Both R and the Englishman reappear in Wagner’s second short story, ‘Ein Ende in Paris’ (‘An End in Paris’). Although more directly autobiographical, using episodes from Wagner’s life as a struggling composer in Paris (including the loss of his beloved Newfoundland dog, abducted in the story by the perfidious Englishman), it is narrated in the third person and ends with R’s death and funeral. His dying speech begins, “I believe in God, Mozart and Beethoven”. The third story ‘Ein glücklicher Abend’ (‘A Happy Evening’) features a conversation between R and the same unnamed narrator where Beethoven is again discussed. The stories were later published in a single volume, prefaced by a short introduction in which the narrator of the second two describes the first as R’s surviving account and the others as his own recollections.
Cover of an early 20th-century edition of Ein deutscher Musiker in Paris, collecting Wagner’s three Parisian short stories (Leipzig, ca 1920) YA.1994.a.12223
The three Paris stories are unique in Wagner’s large prose output as works of fiction. Although he returned to the subject of Beethoven many times in other prose works, programme notes and a dedicated longer study, he never again expressed his admiration in fictional form and never returned to the short story as a genre.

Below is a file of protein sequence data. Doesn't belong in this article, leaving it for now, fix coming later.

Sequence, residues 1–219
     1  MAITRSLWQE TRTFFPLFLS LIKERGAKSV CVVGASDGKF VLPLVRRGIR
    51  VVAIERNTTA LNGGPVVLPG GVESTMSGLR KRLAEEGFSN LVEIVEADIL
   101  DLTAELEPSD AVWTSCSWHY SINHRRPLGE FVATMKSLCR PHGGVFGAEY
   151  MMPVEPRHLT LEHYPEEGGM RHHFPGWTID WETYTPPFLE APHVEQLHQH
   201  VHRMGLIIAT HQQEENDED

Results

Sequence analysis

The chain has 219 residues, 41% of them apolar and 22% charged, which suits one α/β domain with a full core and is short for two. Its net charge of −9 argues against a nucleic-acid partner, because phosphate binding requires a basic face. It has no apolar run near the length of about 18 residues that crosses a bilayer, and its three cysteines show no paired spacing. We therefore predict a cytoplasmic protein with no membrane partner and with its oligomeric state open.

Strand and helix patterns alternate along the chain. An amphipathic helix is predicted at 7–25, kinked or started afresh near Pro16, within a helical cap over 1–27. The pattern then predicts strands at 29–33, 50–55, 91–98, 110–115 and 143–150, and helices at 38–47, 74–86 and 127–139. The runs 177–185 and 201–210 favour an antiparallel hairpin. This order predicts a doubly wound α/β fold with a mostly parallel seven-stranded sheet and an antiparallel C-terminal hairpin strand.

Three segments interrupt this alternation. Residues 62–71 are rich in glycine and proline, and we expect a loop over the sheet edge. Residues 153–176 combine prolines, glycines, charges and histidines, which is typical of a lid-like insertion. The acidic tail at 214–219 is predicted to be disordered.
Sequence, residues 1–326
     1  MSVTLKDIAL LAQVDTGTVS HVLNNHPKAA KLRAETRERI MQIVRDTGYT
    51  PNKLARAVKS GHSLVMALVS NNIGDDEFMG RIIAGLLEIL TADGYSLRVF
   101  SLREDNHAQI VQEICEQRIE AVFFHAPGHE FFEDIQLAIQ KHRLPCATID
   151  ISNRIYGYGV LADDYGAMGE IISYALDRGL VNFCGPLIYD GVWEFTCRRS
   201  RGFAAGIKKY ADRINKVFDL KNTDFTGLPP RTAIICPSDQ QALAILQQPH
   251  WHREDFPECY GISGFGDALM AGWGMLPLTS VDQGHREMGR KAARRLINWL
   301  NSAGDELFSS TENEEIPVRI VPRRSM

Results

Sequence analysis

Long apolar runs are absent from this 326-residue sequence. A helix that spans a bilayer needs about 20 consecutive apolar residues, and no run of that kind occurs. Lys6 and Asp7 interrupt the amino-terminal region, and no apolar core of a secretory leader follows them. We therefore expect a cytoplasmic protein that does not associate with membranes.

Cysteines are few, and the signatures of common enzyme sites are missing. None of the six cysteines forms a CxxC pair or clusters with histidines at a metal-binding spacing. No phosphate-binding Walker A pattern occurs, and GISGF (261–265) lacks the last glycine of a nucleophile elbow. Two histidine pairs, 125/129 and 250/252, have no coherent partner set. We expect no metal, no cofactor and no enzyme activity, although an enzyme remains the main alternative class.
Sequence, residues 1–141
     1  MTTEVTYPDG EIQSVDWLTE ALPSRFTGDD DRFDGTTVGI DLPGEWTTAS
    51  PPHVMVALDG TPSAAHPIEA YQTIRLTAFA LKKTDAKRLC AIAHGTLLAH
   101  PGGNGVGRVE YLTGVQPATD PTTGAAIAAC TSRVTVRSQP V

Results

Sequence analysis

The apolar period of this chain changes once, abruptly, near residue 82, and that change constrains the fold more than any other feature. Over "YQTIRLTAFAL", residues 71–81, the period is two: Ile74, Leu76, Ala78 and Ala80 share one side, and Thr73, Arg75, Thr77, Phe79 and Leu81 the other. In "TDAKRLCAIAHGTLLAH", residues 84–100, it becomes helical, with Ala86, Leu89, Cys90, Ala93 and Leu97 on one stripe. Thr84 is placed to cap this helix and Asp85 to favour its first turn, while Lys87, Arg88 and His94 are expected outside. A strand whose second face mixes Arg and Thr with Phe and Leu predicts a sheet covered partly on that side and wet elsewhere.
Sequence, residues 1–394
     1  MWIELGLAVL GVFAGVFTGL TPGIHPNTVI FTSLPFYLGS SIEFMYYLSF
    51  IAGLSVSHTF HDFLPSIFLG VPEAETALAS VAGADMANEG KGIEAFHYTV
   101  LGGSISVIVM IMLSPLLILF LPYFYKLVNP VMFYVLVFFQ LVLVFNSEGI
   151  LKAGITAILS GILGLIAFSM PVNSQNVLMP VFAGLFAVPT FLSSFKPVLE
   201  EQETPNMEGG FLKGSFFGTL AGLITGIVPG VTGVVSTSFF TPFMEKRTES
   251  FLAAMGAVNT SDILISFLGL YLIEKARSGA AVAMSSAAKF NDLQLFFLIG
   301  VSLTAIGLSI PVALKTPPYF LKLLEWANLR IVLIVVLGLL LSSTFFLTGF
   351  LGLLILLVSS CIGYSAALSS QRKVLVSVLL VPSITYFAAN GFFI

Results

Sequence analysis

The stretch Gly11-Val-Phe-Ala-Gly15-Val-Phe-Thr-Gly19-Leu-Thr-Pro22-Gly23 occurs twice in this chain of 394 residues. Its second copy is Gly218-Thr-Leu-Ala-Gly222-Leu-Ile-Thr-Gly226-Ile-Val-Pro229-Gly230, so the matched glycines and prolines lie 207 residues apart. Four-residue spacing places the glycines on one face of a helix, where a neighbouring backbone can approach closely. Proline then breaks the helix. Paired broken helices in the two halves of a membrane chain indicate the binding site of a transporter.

Susan Reed, Lead Curator Germanic Collections
Richard Wagner, Mein Leben: erste authentische Veröffentlichung (Munich, 1963) 07902.h.8. English translation by Andrew Gray, My Life (Cambridge, 1983) X.431/12251
Richard Wagner, Beethoven (Leipzig, 1870) 7891.bbb.12.(3.).
Richard Wagner, Wagner writes from Paris: stories, essays and articles by the young composer , edited and translated by Robert L. Jacobs and Geoffrey Skelton (London, 1973) X.439/3176.
Johann Friedrich Reichardt, Vertraute Briefe, geschrieben auf einer Reise nach Wien und den Oesterreichischen Staaten zu Ende des Jahres 1808 und zu Anfang 1809 (Amsterdam, 1810) 10205.a.18.
Nicholas Vazsonyi, ‘Marketing German Identity: Richard Wagner’s “Enterprise”’, German Studies Review 28/2 (2005) 327-346. 4162.157400
Thomas S. Grey, ‘Wagner Introduces Wagner (and Beethoven): Program Notes Written for Concert Performances by and of Richard Wagner 1846–1880’ in Richard Wagner and his World, edited by Thomas S. Grey. (Princeton, 2009), pp. 479-520. YC.2010.a.15744
Posted by European Studies at 10:00 AM
This post was previously published on BLOGS.BL.UK and is republished under a Creative Commons License.